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Shielding Calif. Employers From Labor Code Violations, Law360, by Katherine Catlos and Lauren Ziegler

Posted Feb 25, 2016

by Katherine S. Catlos and Lauren A. Ziegler

California Gov. Jerry Brown once again seeks to rein in lawsuits under the Private Attorneys General Act (PAGA). This statute “deputizes” aggrieved employees to recover civil penalties for California Labor Code violations. Prior to the enactment of PAGA, some labor code violations were only enforceable by the Labor and Workforce Development Agency (LWDA), which is the administrative agency tasked with overseeing enforcement of the labor code. In effect, PAGA allows current or former employees to step in the shoes of the labor commissioner to directly enforce labor code violations via private rights of action against employers.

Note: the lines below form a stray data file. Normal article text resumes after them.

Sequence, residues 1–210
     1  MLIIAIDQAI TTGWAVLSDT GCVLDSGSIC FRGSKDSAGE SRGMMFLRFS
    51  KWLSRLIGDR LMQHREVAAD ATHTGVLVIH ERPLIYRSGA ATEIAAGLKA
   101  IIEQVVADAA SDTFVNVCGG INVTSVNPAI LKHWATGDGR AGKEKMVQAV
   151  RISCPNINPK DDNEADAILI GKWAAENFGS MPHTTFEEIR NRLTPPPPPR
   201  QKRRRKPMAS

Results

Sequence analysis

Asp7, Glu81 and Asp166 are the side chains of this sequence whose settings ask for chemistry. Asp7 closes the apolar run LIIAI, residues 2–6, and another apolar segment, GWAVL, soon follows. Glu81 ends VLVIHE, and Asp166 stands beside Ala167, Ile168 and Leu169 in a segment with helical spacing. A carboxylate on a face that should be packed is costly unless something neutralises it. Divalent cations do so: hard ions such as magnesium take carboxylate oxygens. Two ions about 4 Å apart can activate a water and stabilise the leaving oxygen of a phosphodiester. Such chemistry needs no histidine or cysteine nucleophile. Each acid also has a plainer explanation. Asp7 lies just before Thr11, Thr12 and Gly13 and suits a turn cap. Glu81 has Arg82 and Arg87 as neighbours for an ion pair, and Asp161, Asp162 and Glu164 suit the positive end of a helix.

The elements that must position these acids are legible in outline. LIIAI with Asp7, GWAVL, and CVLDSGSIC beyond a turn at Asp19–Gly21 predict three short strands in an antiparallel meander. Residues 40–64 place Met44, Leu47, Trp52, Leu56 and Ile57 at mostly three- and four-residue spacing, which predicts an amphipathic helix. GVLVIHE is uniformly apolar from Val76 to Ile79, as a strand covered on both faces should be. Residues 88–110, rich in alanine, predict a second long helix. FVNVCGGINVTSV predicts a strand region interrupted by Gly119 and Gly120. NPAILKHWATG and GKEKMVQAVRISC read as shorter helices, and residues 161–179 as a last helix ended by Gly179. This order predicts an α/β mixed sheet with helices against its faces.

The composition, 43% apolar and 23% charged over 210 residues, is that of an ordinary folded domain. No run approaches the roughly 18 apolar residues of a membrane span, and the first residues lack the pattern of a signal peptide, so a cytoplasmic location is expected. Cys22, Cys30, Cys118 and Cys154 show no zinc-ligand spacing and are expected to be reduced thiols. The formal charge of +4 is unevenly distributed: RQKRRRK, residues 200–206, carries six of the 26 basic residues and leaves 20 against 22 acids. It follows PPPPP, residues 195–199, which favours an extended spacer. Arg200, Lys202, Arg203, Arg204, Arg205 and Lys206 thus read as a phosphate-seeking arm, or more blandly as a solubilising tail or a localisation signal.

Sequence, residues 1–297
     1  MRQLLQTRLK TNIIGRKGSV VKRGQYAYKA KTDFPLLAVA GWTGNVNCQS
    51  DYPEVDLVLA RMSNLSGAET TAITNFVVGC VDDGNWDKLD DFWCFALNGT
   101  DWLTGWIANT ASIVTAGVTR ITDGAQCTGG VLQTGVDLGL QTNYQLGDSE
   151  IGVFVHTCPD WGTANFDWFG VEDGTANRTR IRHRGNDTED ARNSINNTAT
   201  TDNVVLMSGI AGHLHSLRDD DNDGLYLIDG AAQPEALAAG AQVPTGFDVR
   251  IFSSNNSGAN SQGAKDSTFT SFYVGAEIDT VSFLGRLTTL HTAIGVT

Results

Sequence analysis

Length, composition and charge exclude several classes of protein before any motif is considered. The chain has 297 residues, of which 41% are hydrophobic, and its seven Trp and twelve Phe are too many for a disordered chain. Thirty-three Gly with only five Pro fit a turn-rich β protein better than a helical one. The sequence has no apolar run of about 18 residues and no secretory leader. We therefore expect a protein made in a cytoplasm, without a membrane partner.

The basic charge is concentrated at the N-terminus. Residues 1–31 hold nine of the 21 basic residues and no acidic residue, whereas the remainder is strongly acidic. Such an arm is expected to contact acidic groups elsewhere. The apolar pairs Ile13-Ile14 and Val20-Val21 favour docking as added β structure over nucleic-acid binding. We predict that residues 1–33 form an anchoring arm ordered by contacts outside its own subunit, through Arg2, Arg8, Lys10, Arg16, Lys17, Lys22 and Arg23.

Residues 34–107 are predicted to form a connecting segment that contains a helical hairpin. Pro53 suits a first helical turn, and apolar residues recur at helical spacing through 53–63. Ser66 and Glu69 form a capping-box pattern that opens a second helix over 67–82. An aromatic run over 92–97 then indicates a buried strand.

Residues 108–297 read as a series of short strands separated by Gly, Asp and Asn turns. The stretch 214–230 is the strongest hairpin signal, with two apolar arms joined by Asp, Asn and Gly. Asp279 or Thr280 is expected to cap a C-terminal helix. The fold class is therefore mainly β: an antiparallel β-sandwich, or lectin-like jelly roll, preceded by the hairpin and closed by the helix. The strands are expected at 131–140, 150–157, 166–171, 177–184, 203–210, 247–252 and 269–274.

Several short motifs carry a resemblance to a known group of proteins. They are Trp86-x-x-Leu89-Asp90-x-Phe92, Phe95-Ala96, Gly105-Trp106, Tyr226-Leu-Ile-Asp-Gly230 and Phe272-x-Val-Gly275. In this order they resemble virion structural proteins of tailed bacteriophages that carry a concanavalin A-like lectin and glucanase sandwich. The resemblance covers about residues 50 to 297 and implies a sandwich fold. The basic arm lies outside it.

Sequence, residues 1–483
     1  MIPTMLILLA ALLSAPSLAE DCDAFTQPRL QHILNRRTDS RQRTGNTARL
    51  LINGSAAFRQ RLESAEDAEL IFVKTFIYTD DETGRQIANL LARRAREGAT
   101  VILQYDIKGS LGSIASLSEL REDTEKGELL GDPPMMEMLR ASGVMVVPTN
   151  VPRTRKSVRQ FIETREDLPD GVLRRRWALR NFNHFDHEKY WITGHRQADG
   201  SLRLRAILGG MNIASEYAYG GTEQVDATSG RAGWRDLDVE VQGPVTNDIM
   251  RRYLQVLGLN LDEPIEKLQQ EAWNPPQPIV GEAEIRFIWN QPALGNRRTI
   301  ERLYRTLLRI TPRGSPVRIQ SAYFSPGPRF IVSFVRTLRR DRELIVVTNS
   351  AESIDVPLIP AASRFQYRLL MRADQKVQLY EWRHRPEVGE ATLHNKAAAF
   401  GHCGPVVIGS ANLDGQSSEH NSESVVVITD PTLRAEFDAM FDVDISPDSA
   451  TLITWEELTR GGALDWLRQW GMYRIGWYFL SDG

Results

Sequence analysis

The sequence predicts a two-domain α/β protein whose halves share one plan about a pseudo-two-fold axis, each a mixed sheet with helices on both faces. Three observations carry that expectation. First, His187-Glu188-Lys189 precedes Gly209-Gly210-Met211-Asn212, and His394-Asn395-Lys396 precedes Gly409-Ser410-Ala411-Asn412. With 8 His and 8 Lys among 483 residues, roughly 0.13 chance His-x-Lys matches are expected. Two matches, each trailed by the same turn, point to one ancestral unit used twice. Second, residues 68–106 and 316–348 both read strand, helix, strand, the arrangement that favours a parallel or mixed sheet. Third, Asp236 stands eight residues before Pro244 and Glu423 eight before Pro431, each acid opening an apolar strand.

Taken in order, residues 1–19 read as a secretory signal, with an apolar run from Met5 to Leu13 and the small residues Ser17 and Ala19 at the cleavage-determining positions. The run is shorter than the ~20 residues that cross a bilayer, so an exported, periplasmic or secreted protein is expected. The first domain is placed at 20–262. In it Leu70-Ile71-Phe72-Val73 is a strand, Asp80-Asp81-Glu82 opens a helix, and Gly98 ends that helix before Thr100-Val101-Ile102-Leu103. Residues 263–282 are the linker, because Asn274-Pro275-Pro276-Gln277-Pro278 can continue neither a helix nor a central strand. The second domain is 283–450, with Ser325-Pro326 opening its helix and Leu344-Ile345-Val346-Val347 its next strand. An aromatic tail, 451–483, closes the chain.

Before filing a PAGA suit, employees must send written notice to the employer and the LWDA within one year of the last violation. The letter must list the specific labor code sections allegedly violated. After receiving the letter, the agency decides whether to investigate the claims, while the employer is provided with notice of a potential lawsuit and the opportunity to fix certain violations within the 33-day “cure” period. If the LWDA decides against pursuing the case or the employer doesn’t fix the curable violations within the cure period, the employee may file a lawsuit to seek civil penalties for violations not only personally suffered by the plaintiff but also for violations suffered by “other current or former aggrieved employees.” Cal. Lab. Code § 2699(a).

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